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Rahm's rise no shock to Mickelson brothers

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SAN DIEGO – Phil Mickelson pretty much warned everyone to duck.

Standing in the shadow of the 18th grandstand Sunday about a half hour before Jon Rahm ignited bedlam there winning the Farmers Insurance Open, Mickelson warned the world what kind of knockout punch the 22-year-old Spaniard is capable of delivering.

Mickelson said he took one of Rahm’s mighty blows not so long ago, at Whisper Rock in Scottsdale, Ariz., a course Mickelson designed.

“I thought I played OK, shot a solid 66, and I lost like 4 and 3,” Mickelson said.

Rahm shot 62.

So Mickelson was waiting for something spectacular like this. He was waiting for Rahm to show the world how special he can be.

Rahm did just that blitzing the back nine of the brutish Torrey Pines South Course, making eagle at the 13th to move into a four-way share of the lead before separating himself with a birdie at the 17th. He slammed the door on his maiden PGA Tour title holing a mesmerizing 60-foot eagle putt at the final hole to win by three shots.

After that last putt fell, Rahm let his inner Seve out, the great Seve Ballesteros, a fellow Spaniard Rahm said he idolized growing up.

From the archives: How Rahm turned into a star

Rahm showed a lot of Seve-like bravado on the back nine, especially making that eagle at the 13th, where he cooked his drive right into the fairway bunker. Instead of laying up at the par 5, Rahm grabbed a hybrid 4-iron and looked at his caddie, Adam Hayes.

“Right at it all day,” Hayes told him.

So Rahm did what Seve would have done. He went for it, blistering his approach to 18 feet to set up the eagle.

“It’s a Spanish mindset,” Rahm said. “I feel like we are pretty aggressive, right? I think that’s the mindset probably thanks to Seve, right?"

Sunday’s rendition of the Farmers Insurance Open was a wide open free-for-all early. Seven different players held or shared the lead until Rahm took charge on the back nine. He did so playing the final six holes in 5 under par, posting a 7-under-par 65 with a 30 on the back nine.

Rahm conjured memories of yet another icon. Rahm is the first player to win the Torrey Pines Tour stop in his first start since Arnold Palmer in 1957.

“To be able to get my first win on Tour here, it doesn’t get much better than that,” Rahm said.

None of Rahm’s bold plays Sunday surprised Mickelson.

“I’ve played a couple times with him, and let’s just say I will only be his partner from now on,” Mickelson said. “I haven’t been able to beat him.”

Rahm played at Arizona State, Mickelson’s alma mater. He played for Tim Mickelson, Phil’s brother. Tim is now Rahm’s manager.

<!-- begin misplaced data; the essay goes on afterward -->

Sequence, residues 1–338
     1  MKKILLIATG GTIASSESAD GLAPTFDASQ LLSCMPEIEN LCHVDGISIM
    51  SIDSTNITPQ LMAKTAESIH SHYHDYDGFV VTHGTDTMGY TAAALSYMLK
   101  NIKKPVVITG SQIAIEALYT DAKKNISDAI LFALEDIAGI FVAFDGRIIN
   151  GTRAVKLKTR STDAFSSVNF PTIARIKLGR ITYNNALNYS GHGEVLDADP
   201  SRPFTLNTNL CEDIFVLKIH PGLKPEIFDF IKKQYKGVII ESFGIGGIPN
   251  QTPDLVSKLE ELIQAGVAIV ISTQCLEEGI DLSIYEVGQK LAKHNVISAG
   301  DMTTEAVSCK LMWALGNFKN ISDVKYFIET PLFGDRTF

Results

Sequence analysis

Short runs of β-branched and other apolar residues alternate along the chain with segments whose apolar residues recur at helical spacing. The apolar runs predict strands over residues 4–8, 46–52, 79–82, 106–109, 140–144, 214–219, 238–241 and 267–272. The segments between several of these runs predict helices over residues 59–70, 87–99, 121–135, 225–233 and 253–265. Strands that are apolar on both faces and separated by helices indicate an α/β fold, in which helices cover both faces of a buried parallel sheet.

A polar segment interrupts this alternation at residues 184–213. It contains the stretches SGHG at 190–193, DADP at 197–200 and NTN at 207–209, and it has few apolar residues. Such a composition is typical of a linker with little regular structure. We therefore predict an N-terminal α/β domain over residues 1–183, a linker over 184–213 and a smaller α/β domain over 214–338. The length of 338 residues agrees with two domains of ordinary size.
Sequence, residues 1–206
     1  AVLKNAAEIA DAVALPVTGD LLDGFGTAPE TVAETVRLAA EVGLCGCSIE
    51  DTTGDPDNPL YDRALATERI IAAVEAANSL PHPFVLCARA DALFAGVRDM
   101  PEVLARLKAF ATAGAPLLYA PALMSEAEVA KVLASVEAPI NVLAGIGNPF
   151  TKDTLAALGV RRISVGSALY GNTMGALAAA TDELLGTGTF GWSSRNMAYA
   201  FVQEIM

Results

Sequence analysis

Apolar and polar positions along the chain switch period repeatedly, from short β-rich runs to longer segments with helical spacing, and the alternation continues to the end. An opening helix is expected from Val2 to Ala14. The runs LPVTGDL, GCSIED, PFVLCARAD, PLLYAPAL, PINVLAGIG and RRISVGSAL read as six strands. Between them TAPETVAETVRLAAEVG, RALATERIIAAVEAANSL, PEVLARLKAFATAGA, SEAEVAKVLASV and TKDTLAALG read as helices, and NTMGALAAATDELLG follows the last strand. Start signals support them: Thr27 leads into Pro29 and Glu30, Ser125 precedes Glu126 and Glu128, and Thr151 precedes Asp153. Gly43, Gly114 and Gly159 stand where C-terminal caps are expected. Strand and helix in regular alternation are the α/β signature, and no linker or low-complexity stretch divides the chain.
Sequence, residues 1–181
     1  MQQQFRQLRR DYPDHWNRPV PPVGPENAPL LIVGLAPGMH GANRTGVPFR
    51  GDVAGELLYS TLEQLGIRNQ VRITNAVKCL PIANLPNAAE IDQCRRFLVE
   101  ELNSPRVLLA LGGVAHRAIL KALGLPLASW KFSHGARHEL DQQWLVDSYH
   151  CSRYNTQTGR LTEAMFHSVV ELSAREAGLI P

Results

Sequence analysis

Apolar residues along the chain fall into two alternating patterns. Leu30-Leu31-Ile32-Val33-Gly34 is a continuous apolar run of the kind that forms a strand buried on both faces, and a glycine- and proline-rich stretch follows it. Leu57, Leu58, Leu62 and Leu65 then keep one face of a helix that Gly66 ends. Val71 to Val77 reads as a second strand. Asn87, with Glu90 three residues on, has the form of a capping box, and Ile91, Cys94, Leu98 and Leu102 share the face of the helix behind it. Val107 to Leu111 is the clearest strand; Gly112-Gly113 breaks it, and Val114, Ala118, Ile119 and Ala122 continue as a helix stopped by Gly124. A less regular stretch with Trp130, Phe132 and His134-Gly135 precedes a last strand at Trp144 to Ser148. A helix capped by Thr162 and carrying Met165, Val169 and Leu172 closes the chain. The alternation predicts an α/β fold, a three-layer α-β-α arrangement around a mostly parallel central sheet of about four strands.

A lot of folks will say they saw Rahm’s breakthrough coming. He was, after all, a former World Amateur No. 1 and a two-time Ben Hogan Award winner as the best collegian in the land. But those folks didn’t see what Rahm had to overcome acclimating to life at Arizona State. They didn’t see the challenges outside golf.

“I grew up in a small town,” Rahm said. “The language barrier was hard.”

When he first arrived at Arizona State, Rahm barely spoke English. The small-town kid from Barrika, Spain, said he was bewildered when he walked into his first class at Arizona State and there were 375 students in an auditorium-style classroom.

“I thought it was a movie theater, and I was in the wrong place,” Rahm said. “It was a macroeconomic principles class. I’ll never forget it.

“I came from a high school where the biggest class was 30 people.”

Rahm adapted quickly with some unusual tactics. Tim Mickelson would make him do “burpees” when he caught him speaking Spanish in a team setting. That’s an exhausting kind of push up. And there was this other odd thing.

“Memorizing rap songs in English actually helped me out a lot,” Rahm said.

Rahm memorize Kendrick Lamar’s “Swimming Pools” and Eminem’s “Love the Way You Lie” and other songs.

“You can look them up, they’re good,” Rahm said.

Rahm bonded quickly with Tim Mickelson.

“I kind of treated him as my dad in the United States,” Rahm said.

Tim said Rahm’s talent isn’t all that wowed him when he was recruiting Rahm. In the media center after Sunday’s victory, Tim said he watched Rahm as a 16-year-old finish second at the European Boys’ Championship in Stockholm, Sweden. What Tim saw off the course sold him.

“Jon was disqualified,” Tim said. “He played with 15 clubs in his bag, but he didn’t realize that until after he got back to his hotel room. Now, as a 16-year-old kid, he probably could have gotten away with it, but he went and told his coach. I knew just what kind of quality kid he was.

“He’s one of the most genuine guys you’ll meet.”

And a golf star in the making.

Again, Phil Mickelson will attest to that.

“Jon doesn't have weaknesses,” Phil said. “Every part of his game is a strength. I think he's one of the best players in the world. There's an intangible that some guys have, where they want to have the pressure put on them, they want to be in that tough position. They want to have everything fall on their shoulders. He has that.”

Rahm showed the world Sunday he’s got that.